What’s your bias?

I’ve just finished reading Invisible Women by Caroline Criado Perez. It’s based on the premise that the world is designed by men for men. It shines a light on the unconscious bias that means women are discriminated against without knowing it and don’t get the same access to opportunities as men. It highlights assumptions and gaps in data that form decisions about the world around us. From heart attacks, to clearing snow, to urinals it certainly makes you think.

We all have bias.

The dictionary defines bias as an inclination or prejudice for or against one person or group, especially in a way considered to be unfair.’

Through the experiences that we have that shape our view of the world we all develop preferences and along with them a whole spectrum of biases. Consciously or unconsciously, perhaps you have a bias about gender, age, sexuality or ethnicity? Do you have affinity bias where you’re more likely to like people who are similar to you? Or a bias referred to as ‘halo or horns effect’ where you assume someone is great or awful in all areas, because of their performance in one? How about recall bias where you remember and place greater emphasis on recent events over past ones when making decisions? Or do you prefer conformity and have a bias towards agreeing with the rest of the group? Or confirmation bias where you look selectively for information to back up a pre existing view rather than treating all new information equally? Or what about a beauty bias equating beauty with competence and likability and lack of beauty with incompetence or being less liked?

The list goes on.

Have you ever (wrongly) assumed someone will respond to a situation in a certain way or made snap decisions about people based on how they look and act? Whether its conscious or unconscious we all have bias, based on our previous experiences and or unique view of the world. Whether you like people who have dogs better than cat owners, assume that because someone works in a bar they’re not ambitious or assume that a classically beautiful person must be in a senior role because of their looks you have a bias.

Bias is an inevitability in life.  However Invisible women highlights some areas where unintentional unconscious bias can mean the difference between life and death. For example,The Yentl Syndrome.  The phrase is taken from the 1983 film Yentl starring Barbra Streisand in which her character plays the role of a male in order to receive the education she wants.

Dr. Bernadine Healy named ‘The Yentl Syndrome’ in a 1991 academic paper about the different course of action that heart attacks usually follow for women than for men. This is a problem because much of medical research has focused primarily on symptoms of male heart attacks, and many women have died due to misdiagnosis because their symptoms present differently.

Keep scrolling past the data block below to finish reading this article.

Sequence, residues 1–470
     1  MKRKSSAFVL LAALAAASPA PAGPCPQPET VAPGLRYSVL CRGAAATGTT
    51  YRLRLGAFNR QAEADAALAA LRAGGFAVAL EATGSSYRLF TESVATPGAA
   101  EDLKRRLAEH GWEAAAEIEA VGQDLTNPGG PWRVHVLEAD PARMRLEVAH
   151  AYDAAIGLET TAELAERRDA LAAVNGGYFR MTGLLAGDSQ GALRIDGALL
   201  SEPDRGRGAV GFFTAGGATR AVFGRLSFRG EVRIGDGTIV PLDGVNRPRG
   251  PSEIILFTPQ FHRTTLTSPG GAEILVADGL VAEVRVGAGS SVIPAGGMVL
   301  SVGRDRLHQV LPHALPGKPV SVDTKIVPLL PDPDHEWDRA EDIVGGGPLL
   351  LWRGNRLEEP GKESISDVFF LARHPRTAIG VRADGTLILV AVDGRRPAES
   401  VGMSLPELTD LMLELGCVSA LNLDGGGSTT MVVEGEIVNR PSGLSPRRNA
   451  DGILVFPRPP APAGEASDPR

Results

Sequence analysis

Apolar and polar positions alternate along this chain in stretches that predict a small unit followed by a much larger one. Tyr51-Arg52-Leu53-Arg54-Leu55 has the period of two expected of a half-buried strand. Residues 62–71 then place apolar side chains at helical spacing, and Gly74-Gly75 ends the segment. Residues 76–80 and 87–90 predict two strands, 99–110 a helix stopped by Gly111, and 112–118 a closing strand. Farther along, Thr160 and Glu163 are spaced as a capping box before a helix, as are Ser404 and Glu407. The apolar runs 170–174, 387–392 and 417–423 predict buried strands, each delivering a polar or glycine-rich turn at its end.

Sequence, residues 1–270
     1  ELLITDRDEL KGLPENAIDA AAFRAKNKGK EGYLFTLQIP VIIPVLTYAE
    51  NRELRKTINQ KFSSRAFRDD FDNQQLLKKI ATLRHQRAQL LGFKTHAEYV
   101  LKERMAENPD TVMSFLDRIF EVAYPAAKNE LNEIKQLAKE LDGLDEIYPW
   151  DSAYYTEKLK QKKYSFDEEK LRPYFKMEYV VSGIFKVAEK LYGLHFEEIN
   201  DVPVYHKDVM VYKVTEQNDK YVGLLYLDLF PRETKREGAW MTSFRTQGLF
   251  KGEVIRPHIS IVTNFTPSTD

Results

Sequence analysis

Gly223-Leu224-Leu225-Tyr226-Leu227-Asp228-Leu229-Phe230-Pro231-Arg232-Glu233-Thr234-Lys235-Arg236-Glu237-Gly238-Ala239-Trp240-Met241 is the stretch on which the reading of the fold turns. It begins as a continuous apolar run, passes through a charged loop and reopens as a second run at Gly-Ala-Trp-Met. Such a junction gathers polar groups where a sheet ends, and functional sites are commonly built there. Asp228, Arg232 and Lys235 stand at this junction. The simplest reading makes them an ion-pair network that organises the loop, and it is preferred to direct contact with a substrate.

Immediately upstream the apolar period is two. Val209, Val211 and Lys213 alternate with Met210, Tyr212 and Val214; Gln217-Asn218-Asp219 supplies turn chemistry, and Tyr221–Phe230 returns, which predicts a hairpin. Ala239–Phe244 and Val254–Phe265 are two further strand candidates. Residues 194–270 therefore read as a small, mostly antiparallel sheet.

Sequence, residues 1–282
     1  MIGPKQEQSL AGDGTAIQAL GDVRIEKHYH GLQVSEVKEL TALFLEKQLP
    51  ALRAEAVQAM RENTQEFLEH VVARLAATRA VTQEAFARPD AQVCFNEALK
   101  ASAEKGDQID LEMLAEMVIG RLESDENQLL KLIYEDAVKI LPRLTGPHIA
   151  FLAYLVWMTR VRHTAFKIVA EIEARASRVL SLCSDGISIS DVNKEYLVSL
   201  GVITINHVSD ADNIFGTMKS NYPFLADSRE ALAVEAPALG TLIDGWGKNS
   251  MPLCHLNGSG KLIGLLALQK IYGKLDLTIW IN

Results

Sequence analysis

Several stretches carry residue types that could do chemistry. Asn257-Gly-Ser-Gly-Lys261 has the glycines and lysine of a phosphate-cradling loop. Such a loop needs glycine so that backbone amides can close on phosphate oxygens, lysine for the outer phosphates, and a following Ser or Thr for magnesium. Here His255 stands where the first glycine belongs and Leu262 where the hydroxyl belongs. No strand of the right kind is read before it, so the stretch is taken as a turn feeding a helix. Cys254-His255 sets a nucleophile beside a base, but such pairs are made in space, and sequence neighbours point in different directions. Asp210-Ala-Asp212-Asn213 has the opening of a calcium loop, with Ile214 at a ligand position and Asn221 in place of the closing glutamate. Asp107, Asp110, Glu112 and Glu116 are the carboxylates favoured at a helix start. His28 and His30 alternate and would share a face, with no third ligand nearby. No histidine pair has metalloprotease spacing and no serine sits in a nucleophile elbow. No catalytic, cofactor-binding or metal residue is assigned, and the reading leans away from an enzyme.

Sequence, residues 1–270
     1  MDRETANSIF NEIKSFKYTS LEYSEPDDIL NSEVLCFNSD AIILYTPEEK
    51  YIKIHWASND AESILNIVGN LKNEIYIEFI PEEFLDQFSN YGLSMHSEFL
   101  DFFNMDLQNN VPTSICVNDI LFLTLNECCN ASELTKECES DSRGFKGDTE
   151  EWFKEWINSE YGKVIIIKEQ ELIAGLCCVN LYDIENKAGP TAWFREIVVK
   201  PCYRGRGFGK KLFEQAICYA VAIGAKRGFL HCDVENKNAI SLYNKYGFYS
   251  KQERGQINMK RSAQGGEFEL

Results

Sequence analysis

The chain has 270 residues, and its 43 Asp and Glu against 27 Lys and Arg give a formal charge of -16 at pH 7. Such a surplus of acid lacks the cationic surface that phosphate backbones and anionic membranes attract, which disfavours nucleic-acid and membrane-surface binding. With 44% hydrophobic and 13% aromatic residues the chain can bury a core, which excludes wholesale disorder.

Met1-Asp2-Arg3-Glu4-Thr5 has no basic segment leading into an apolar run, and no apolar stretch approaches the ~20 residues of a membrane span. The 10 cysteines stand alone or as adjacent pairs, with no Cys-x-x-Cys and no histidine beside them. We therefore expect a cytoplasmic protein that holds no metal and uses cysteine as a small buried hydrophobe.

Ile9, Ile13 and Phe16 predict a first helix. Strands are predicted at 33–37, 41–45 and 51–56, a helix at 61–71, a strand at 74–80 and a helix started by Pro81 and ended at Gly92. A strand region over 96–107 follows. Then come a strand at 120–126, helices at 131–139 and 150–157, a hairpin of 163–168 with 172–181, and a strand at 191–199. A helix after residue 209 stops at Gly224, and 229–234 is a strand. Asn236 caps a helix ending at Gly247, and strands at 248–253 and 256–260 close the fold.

Yikes.

What might I do about bias?

The first step is to acknowledge that as a human you’ll have biases. Start to notice and check yourself. This isn’t about being judgemental about your bias, just start to recognise them and get into the habit of asking yourself, ‘what bias is at play in the decisions I’m making?’

If you notice bias in your day-to-day world, ask ‘why?’ For example, there are very few women in leaderships positions in my organisation. Why?

For any sort of bias that you want to address you might choose to adjust some systems and processes. For example, many orchestras now hold blind auditions with a screen between the judges and the people auditioning to readdress a gender bias.

Back in the 1970s only 5% of orchestra musicians were women. The balance is shifting slowly to average 25% women (and if that sounds like a very long time its because orchestra players stay a long time so there’s not much opportunity for new recruits). Even a screen, so the decision makers can’t see the auditioning musician doesn’t always work. Aspiring musicians were instructed to remove their footwear before coming onto the stage so the sounds of women heels as they walked behind the screen didn’t influence judges.

If you work in product development (I’m likely preaching to the converted here) involve your users in the development of products and services. It helps to reduce bias and design products and services that are fit for purpose. Unlike the houses in disaster relief projects highlighted in Invisible Women that were made and designed by men… without kitchens.

Bias is inevitable. Regardless of your gender I’d recommend Invisible Women. It highlights the data gaps around women that we don’t ever notice or question. What other biases and data gaps are there? Start to notice. Hold up a mirror and start with yourself.

Confirmation bias is one of the topics that we’re taking a deeper dive into in the Lucidity Network next year. If you’re interested in taking charge of your self development to get the results you want in 2020 join the Lucidity Network today. Check out this link.

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